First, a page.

John 12:24-25 (NASB):

24 Truly, truly I say to you, unless a grain of wheat falls into the earth and dies, it remains alone; but if it dies, it bears much fruit. 25 The one who loves his life (Lit soul) loses it, and the one who hates his life (Lit soul) in this world will keep it to (Or for) eternal life.

Matthew 16:26 (NASB):

26 For what good will it do a person if he gains the whole world, but forfeits (I.e., suffers the loss of) his soul? Or what will a person give in exchange for his soul?

In both passages Jesus seems to be talking about the same idea: that a person who lives selfishly, if they do not repent and change, will end up losing their life/soul. What does this mean? Does it mean that selfish people will cease to exist?

What happens when a person loses their "life"/"soul"?

Related: What is the difference between ζωὴ and ψυχὴ?

  • Nowhere does it say about religion or believer or unbeliever as far I remember or see. It simply talks about "anyone".
    – Michael16
    Commented Feb 15, 2022 at 7:04
  • @Michael16 - yes, you are right, edited accordingly.
    – user38524
    Commented Feb 15, 2022 at 7:08

2 Answers 2


You're trying to read too much into the verses.

Truly, truly, I say to you, unless a grain of wheat falls into the earth and dies, it remains alone; but if it dies, it bears much fruit. 25 Whoever loves his life loses it, and whoever hates his life in this world will keep it for eternal life. (John 12:24–25, ESV)

  1. The farmer must give up a grain of wheat to be destroyed in the ground for it to sprout and grow many more grains of wheat.

  2. Life is passing by and not something we can hold on to. It will soon be gone, but when we spend it on Christ, we gain it back as eternal life.

What will it benefit a man if he gains the whole world yet loses his life? Or what will a man give in exchange for his life? (Matt. 16:26, HCSV)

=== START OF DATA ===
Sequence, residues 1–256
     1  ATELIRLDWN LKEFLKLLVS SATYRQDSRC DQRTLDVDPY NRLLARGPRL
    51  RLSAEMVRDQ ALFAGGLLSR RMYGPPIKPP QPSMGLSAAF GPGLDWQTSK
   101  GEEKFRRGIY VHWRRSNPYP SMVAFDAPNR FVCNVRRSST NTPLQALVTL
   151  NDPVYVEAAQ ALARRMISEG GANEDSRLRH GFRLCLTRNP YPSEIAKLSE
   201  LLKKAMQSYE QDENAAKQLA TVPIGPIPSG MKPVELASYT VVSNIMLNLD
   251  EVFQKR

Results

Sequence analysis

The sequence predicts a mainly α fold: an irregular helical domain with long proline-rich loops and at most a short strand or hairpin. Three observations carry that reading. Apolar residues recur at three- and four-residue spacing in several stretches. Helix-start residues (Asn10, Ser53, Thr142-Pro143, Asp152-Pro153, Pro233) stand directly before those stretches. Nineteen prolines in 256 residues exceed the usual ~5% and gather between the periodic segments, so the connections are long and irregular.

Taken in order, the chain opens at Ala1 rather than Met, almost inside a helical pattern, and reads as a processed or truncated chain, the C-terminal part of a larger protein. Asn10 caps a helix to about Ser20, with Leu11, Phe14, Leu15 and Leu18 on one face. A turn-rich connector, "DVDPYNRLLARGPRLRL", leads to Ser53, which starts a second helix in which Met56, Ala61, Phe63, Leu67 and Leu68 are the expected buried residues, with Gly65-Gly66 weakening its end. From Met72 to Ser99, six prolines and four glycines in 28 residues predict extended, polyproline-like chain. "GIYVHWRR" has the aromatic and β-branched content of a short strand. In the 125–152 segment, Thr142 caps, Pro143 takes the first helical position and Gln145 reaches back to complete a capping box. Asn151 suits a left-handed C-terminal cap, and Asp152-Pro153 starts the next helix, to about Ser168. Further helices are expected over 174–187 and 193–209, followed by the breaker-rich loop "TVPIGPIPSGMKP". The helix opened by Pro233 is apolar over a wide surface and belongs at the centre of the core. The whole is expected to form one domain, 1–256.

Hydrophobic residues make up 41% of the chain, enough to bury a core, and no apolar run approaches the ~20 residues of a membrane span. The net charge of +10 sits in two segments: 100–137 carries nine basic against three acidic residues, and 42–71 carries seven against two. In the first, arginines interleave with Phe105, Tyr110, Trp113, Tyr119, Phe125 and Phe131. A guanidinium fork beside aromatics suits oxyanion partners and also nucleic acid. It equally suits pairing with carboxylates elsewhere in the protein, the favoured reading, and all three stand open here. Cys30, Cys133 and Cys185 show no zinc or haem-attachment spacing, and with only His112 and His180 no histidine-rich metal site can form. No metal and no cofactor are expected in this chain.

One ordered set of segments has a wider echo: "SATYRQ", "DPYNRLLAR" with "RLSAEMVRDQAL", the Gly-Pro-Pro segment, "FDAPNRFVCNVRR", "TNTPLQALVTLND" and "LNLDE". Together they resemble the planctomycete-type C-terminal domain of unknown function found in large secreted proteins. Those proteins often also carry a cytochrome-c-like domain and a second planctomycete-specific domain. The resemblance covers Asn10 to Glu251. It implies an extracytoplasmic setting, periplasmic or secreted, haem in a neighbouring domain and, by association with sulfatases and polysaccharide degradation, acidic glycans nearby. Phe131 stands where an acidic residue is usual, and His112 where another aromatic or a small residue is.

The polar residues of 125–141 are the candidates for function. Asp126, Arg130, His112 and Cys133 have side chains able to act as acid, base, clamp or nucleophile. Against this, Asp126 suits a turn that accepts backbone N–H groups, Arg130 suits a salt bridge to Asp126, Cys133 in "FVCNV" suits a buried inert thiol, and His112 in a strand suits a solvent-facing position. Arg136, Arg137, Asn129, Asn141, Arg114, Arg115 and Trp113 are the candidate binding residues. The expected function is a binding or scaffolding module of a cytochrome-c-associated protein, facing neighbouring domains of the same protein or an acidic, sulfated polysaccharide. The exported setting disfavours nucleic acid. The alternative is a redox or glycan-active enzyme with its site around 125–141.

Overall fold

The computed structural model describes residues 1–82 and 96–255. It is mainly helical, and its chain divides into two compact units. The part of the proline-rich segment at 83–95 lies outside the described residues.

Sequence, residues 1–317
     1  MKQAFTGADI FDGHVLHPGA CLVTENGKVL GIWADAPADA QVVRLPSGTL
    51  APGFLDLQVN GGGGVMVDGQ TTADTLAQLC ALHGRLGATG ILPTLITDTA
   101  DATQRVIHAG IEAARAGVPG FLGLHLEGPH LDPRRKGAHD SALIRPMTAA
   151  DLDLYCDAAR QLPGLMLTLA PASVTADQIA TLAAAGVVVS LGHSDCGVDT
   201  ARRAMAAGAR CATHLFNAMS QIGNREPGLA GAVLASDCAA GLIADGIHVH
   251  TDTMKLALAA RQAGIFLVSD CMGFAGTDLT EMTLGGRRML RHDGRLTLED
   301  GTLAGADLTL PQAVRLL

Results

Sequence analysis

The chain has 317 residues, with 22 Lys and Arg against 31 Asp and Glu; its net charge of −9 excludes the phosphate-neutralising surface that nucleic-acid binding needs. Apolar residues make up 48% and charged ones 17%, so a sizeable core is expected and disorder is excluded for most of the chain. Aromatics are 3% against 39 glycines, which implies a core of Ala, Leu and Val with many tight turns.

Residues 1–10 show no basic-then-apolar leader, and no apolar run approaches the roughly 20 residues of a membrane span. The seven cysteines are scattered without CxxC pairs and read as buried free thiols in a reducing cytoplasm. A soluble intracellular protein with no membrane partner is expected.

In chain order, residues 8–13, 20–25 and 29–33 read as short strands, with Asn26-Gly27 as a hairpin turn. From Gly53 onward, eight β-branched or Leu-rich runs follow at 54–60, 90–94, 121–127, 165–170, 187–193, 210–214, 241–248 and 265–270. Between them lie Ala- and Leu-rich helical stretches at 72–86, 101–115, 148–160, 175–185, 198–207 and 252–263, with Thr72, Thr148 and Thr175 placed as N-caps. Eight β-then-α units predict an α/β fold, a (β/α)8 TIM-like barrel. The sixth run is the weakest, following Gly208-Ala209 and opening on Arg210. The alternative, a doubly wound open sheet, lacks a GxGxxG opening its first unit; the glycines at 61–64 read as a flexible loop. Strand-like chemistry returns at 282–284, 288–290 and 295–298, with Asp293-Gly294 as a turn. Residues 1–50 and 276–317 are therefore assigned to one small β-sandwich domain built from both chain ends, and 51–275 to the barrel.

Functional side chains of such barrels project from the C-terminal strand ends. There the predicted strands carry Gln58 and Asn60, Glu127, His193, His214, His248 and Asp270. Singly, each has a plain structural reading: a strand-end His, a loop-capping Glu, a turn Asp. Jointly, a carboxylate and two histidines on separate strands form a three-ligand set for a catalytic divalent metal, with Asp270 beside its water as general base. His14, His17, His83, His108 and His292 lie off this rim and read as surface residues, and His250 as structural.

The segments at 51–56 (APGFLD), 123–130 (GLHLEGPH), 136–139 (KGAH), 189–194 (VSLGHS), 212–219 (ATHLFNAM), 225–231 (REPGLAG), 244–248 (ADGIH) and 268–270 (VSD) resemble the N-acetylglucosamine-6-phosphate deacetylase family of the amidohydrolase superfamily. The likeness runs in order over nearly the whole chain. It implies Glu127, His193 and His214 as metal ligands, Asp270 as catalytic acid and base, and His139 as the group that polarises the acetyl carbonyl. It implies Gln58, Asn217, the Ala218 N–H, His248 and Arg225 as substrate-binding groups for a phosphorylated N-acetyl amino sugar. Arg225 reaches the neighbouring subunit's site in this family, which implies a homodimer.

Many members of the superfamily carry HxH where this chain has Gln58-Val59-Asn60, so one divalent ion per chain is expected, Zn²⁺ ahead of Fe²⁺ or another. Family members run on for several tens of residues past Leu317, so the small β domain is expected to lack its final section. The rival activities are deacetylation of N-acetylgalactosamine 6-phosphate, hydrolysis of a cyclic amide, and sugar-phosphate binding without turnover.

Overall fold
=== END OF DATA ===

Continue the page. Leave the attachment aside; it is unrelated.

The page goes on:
1. The logic is simple. People would spend all that they have, even go into huge debt, in the hope it will pay for the cure of a fatal illness. Possessions are worthless if one dies.

There is no intent to describe what afterlife exists for the lost.

Look at these verses with ψυχή.

Therefore I tell you, do not be anxious about your life, what you will eat or what you will drink, nor about your body, what you will put on. Is not life more than food, and the body more than clothing? (Matt 6:25, ESV)

28 even as the Son of Man came not to be served but to serve, and to give his life as a ransom for many. (Matt. 20:28, ESV)

I am the good shepherd. The good shepherd lays down his life for the sheep. (John 10:11, ESV)

For this reason the Father loves me, because I lay down my life that I may take it up again. (John 10:17, ESV)

Peter said to him, “Lord, why can I not follow you now? I will lay down my life for you.” (John 13:37, ESV)

Greater love has no one than this, that someone lay down his life for his friends. (John 15:13, ESV)

Then I’ll say to myself [τῇ ψυχῇ μου], “You [ψυχή] have many goods stored up for many years. Take it easy; eat, drink, and enjoy yourself.” ’ 20 “But God said to him, ‘You fool! This very night your life [τὴν ψυχήν σου] is demanded of you. And the things you have prepared—whose will they be?’ (Luke 12:19–20, HCSV)

  • Are you saying that, when Jesus said: “Whoever loves his life loses it…” by such a statement we can’t discern any more clear exegetical details of the afterlife? Correct?
    – Cork88
    Commented Feb 15, 2022 at 0:49
  • @Cork88 Yes. The way terms are used for the afterlife requires putting the entire Bible together rather than depending on a single verse like this.
    – Perry Webb
    Commented Feb 15, 2022 at 2:34
  • I wholeheartedly agree. Thanks for the clarification.
    – Cork88
    Commented Feb 15, 2022 at 2:35

Note the somewhat interpretive translation of the NLT of John 12:25 -

Those who love their life in this world will lose it. Those who care nothing [lit: "hate"] for their life in this world will keep it for eternity.

Recall that we must allow for the Hebraism of "hate" meaning not love supremely here. This is a common Hebrew idiom of hyperbole. Note the very well-known example found in Luke 14:26 -

“If anyone comes to Me and does not hate his father and mother and wife and children and brothers and sisters—yes, even his own life—he cannot be My disciple."

Jesus is NOT encouraging people to hate their immediate relatives, but simply to love God and Jesus more than these.

Back to John 12:25 - the idiom is now rather simple - Jesus is making a distinction between the earthly existence and the eternal life we have in Jesus - if we love the things of this world, we cannot enter heaven.

Do not love the world or anything in the world. If anyone loves the world, the love of the Father is not in him. 1 John 2:15

That is, loving one's life/soul above God is equivalent to loving this world and all its "pleasures" etc, which unfits the person for heaven. However, if a person loves God supremley (more than one's live/soul) then the person gains eternal life.

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